With the exception of one cassette connector, this is the Apple-1 as it was delivered to Fred Hatfield. The user was responsible for finding a monitor and keyboard for the early computer that recently sold at auction for $671,000.
Credit Courtesy Fred Hatfield
When Fred Hatfield expressed his dissatisfaction with the Apple-1, Steve Jobs personally offered to swap it out in this letter.
Electrical engineer Fred Hatfield bought an Apple-1 computer in 1976, one of Apple's first computers. At an auction in Germany this weekend, it sold for $671,400.
Hatfield's relationship with that computer was an interesting one, and involves one bold interaction with Steve Jobs himself.
Hatfield, now in his 80s and living in New Orleans, says he was always into technology. "I've always been interested in digital machinery. As a kid I used to go to different junk stores and so on, to buy a pinball machine, to rewire it and make it do things like tic-tac-toe."
The Department of Veterans Affairs is being criticized for the shortfall in care for almost a million veterans who can't get timely compensation and have been waiting hundreds of days for help, often to no avail.
Frustration with the agency came to a head last Thursday when VA Secretary Eric Shinseki was called before a closed-door meeting of the House Appropriations Committee.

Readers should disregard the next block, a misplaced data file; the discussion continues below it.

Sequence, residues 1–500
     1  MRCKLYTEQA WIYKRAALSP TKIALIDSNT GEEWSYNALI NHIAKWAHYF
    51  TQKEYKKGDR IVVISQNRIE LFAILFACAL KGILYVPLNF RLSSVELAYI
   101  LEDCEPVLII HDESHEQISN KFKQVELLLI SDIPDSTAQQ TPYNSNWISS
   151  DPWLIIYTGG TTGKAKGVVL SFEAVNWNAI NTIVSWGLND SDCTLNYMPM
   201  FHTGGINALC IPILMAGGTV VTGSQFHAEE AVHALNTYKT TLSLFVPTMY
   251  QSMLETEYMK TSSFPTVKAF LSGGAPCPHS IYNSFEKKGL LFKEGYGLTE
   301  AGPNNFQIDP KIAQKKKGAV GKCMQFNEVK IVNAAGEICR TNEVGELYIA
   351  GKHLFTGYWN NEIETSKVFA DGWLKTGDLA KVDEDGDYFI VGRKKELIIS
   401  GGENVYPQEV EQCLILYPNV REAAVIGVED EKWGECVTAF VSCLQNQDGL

"We are aggressively executing a plan that we have put together to fix this decades-old problem and eliminate the backlog, as we have indicated, in 2015," Shinseki said after the meeting.
We now know what caused the Irish potato famine. Scientists have pinpointed the pathogen by using plant samples collected in the mid-19th century. Weekends on All Things Considered host Jacki Lyden talks about it with the study's co-author, Sophien Kamoun of the Sainsbury Lab in the United Kingdom.
Some 150,000 people hit the streets of Paris on Sunday to protest a law that legalizes same-sex marriage in France. The mass demonstration comes just days before the first ceremony is scheduled to take place.
The Guardian reports that police "evicted" about a dozen activists who climbed to the roof the Socialist party headquarters to unfurl a banner urging President François Hollande to resign.